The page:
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Law School Case Brief

Rash v. J.V. Intermediate, Ltd. - 498 F.3d 1201 (10th Cir. 2007)


A fiduciary relationship establishes a distinct and separate obligation than the duty of loyalty to an employer. The fiduciary duty exists because of the "peculiar" trust between the employee-agent and his employer-principal. Thus, the bonds created by a fiduciary relationship are stronger and the obligations are correspondingly more rigorous than those ascribed to the duty of loyalty.


J.V. Intermediate, Ltd. and J.V. Industrial Companies, Ltd. (JVIC) are Texas-based companies which build, refurbish, expand and manage assets for industrial process plants worldwide. JVIC hired W. Clayton Rash to start and manage a Tulsa, Oklahoma division of its industrial plant maintenance business, inspecting, repairing, and maintaining oil refineries and power plants. The parties signed an employment agreement providing Rash a base salary of $125,000, a bonus of 20% of JVIC-Tulsa's net profits, and a termination bonus of 20% of the division's equity. The contract stipulated the use of Texas law and required that Rash "devote [his] full work time and efforts" to JVIC. The agreement was to last for two years, from 1999 to 2001. Rash continued to serve as manager of the Tulsa branch until 2004, without any written contract extension.

Starting in 2001, JVIC claims that Rash actively participated in and owned at least four other businesses, none of which were ever disclosed to JVIC. One of those businesses was Total Industrial Plant Services, Inc. (TIPS), a scaffolding business. TIPS bid on projects for JVIC-Tulsa, and JVIC-Tulsa, with Rash as its manager, often selected TIPS as a subcontractor. At some point during Rash's tenure, JVIC started its own scaffolding business. Between 2001 to 2004, JVIC paid over $ 1 million to TIPS. The Tulsa division never used JVIC's scaffolding services.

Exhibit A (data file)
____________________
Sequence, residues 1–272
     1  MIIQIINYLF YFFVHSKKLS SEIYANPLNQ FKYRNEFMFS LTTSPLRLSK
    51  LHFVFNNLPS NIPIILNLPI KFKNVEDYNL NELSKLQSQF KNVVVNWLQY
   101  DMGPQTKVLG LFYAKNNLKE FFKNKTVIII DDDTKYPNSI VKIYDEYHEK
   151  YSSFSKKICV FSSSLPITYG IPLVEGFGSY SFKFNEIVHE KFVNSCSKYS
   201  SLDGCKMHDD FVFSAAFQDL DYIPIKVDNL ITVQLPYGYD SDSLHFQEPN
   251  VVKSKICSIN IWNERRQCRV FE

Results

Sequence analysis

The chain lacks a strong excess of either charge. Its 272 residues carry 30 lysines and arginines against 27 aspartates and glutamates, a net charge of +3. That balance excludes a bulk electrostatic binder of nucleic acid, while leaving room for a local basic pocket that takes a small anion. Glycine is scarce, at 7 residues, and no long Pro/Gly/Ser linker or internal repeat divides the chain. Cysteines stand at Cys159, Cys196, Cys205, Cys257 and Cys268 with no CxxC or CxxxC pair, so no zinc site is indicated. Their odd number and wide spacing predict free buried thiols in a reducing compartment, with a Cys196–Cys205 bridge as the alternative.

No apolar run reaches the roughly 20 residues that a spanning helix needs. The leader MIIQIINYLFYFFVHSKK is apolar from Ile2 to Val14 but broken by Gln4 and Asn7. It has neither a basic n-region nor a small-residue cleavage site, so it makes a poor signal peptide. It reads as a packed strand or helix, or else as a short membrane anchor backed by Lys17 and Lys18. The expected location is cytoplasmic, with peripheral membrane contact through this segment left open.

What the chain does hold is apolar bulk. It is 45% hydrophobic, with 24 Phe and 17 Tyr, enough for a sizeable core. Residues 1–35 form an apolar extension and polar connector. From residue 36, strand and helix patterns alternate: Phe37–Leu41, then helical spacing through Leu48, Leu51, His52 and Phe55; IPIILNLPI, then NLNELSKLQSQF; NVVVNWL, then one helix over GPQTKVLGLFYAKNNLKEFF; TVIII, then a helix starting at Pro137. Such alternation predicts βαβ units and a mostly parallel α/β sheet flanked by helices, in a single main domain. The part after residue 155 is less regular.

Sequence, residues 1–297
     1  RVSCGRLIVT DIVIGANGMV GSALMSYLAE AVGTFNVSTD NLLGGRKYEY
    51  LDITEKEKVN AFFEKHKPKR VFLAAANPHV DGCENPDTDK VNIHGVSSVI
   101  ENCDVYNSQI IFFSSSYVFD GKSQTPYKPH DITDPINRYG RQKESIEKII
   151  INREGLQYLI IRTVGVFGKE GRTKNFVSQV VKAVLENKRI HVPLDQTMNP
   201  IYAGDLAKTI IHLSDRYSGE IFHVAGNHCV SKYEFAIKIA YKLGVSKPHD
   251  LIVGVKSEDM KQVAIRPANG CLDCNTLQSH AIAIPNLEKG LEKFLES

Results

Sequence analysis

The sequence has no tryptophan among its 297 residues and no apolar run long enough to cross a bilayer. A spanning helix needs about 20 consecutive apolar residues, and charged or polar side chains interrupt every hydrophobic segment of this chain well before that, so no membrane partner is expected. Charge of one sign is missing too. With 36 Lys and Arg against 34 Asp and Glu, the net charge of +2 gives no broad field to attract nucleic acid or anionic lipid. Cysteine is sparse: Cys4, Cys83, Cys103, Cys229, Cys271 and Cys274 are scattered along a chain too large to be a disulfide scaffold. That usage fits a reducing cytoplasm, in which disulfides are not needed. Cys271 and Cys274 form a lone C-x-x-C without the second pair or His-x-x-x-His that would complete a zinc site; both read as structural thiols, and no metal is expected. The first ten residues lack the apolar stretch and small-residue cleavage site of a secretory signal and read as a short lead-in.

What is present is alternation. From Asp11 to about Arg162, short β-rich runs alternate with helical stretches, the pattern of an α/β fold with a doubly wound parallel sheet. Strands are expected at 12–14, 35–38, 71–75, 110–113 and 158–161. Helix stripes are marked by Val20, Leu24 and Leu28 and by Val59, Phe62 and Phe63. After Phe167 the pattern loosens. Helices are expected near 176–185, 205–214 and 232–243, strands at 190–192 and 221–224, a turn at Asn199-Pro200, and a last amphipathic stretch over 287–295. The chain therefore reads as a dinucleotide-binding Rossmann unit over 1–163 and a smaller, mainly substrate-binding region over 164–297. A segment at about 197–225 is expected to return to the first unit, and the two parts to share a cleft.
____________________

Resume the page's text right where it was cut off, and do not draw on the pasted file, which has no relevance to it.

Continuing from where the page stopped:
Rash resigned from JVIC in July 2004. Rash subsequently sued JVIC for breach of contract and fraud. He claimed the company purposely understated the net profits and equity of the Tulsa branch and therefore did not properly pay him the net profit and equity bonuses. As affirmative defenses and counterclaims, JVIC claimed that Rash (1) materially breached his employment agreement, (2) breached  his duty of loyalty, and (3) breached his fiduciary duty. JVIC sought review of the decision of the district court which denied its Fed. R. Civ. P. 50 motion on a fiduciary duty claim, denied its motion for the equitable relief of fee forfeiture, and rejected its Tex. Bus. & Com. Code Ann. § 26.01(b)(6) (2007) statute of frauds arguments.


Was there a fiduciary relationship between Rash and JVIC?




The federal court of appeals found not only that Rash’s agency relationship with JVIC created a fiduciary obligation, but also that JVIC breached his duty. He was hired to build JVIC’s Tulsa division from scratch, and he had sole management of it. Further, he contractually consented to devote his full work time and efforts to JVIC’s affairs. Moreover, he did not deny that he was JVIC’s agent, instead arguing about his agency's scope. But, as the duty encompassed the requirement that Rash deal openly with JVIC and fully disclose information about matters affecting JVIC’s business, he breached his fiduciary duty. As it could not be said for certain that a breach of fiduciary duty would not lead to a greater damage award than that awarded for a breach of loyalty, the error was not harmless. Further, the case required remand for determination of whether forfeiture was in order. Finally, the unwritten extension of Rash’s  contract beyond its initial two-year term did not violate the statute of frauds.

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